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2014 50 Book Challenge - Page 119

post #1771 of 1927
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P4 - Robert Frost, A Boy's Will (1913)

P5 - Robert Frost, North of Boston (1914)

I was about to give up on old Bob Frost, or worse, decide to grit my teeth and nobly suffer through it, this mass of poems, the Collected, that would surely enrich me. (Enrichment frequently a synonym for boredom). I'd read the famous ones, the misunderstood ones. I liked them enough to seek out more, more being, at least at first, these rhymed and metered affairs, rustic and bloodless -- Ted Hughes without the bite. The second book was more interesting, beginning with his famous Mending Wall, then for some reason trailing off completely into little vignettes that resembled dramatic monologues, or scene-lets. Something that belongs to the theater, anyway, but metered. I was almost ready to pull my eyes out. And then Bob hit me with this. Thank you, Bob. I love you, Bob. This is why I dive into Collecteds. This is why I read:


THE BLACK COTTAGE (Click to show)

THE BLACK COTTAGE

We chanced in passing by that afternoon
To catch it in a sort of special picture
Among tar-banded ancient cherry trees,
Set well back from the road in rank lodged grass,
The little cottage we were speaking of,
A front with just a door between two windows,
Fresh painted by the shower a velvet black.
We paused, the minister and I, to look.
He made as if to hold it at arm's length
Or put the leaves aside that framed it in.
"Pretty," he said. "Come in. No one will care."
The path was a vague parting in the grass
That led us to a weathered window-sill.
We pressed our faces to the pane. "You see," he said,
"Everything's as she left it when she died.
Her sons won't sell the house or the things in it.
They say they mean to come and summer here
Where they were boys. They haven't come this year.
They live so far away--one is out west--
It will be hard for them to keep their word.
Anyway they won't have the place disturbed."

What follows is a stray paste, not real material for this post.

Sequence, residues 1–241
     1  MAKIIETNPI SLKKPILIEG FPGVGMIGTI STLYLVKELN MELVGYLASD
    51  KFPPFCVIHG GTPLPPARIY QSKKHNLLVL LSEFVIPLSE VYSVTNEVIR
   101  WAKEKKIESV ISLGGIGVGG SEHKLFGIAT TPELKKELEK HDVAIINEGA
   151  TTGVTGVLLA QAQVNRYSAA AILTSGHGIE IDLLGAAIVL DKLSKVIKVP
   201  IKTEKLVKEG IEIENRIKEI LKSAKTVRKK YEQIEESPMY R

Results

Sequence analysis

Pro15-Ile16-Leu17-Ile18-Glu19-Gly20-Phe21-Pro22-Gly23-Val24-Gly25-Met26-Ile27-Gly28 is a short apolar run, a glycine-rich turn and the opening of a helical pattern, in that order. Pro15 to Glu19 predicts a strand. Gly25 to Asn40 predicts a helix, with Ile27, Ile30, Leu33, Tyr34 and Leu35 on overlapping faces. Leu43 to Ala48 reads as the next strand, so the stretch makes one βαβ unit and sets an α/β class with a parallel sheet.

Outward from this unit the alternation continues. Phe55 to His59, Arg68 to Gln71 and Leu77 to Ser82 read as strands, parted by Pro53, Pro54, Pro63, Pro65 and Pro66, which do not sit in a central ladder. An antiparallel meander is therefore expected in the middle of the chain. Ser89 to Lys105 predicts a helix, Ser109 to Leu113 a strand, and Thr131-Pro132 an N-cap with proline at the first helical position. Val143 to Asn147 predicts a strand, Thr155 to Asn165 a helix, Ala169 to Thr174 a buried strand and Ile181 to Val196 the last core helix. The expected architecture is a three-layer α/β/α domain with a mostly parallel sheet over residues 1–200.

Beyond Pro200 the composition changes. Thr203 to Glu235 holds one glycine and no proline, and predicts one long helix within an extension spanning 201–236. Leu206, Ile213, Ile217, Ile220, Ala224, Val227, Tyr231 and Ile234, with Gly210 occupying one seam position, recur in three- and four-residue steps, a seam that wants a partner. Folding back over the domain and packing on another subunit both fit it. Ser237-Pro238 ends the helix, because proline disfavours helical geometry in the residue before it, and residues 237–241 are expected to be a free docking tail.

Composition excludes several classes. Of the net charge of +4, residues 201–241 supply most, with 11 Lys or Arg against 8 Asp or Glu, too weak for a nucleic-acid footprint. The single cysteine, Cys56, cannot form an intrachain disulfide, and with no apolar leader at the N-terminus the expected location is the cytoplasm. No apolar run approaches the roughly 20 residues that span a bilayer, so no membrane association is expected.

A buttoned hair-cloth lounge spread scrolling arms
Under a crayon portrait on the wall
Done sadly from an old daguerreotype.
"That was the father as he went to war.
She always, when she talked about war,
Sooner or later came and leaned, half knelt
Against the lounge beside it, though I doubt
If such unlifelike lines kept power to stir
Anything in her after all the years.
He fell at Gettysburg or Fredericksburg,
I ought to know--it makes a difference which:
Fredericksburg wasn't Gettysburg, of course.
But what I'm getting to is how forsaken
A little cottage this has always seemed;
Since she went more than ever, but before--
I don't mean altogether by the lives
That had gone out of it, the father first,
Then the two sons, till she was left alone.
(Nothing could draw her after those two sons.
She valued the considerate neglect
She had at some cost taught them after years.)
I mean by the world's having passed it by--
As we almost got by this afternoon.
It always seems to me a sort of mark
To measure how far fifty years have brought us.
Why not sit down if you are in no haste?
These doorsteps seldom have a visitor.
The warping boards pull out their own old nails
With none to tread and put them in their place.
She had her own idea of things, the old lady.
And she liked talk. She had seen Garrison
And Whittier, and had her story of them.
One wasn't long in learning that she thought
Whatever else the Civil War was for
It wasn't just to keep the States together,
Nor just to free the slaves, though it did both.
She wouldn't have believed those ends enough
To have given outright for them all she gave.
Her giving somehow touched the principle
That all men are created free and equal.
And to hear her quaint phrases--so removed
From the world's view to-day of all those things.
That's a hard mystery of Jefferson's.
What did he mean? Of course the easy way
Is to decide it simply isn't true.
It may not be. I heard a fellow say so.
But never mind, the Welshman got it planted
Where it will trouble us a thousand years.
Each age will have to reconsider it.
You couldn't tell her what the West was saying,
And what the South to her serene belief.
She had some art of hearing and yet not
Hearing the latter wisdom of the world.
White was the only race she ever knew.
Black she had scarcely seen, and yellow never.
But how could they be made so very unlike
By the same hand working in the same stuff?
She had supposed the war decided that.
What are you going to do with such a person?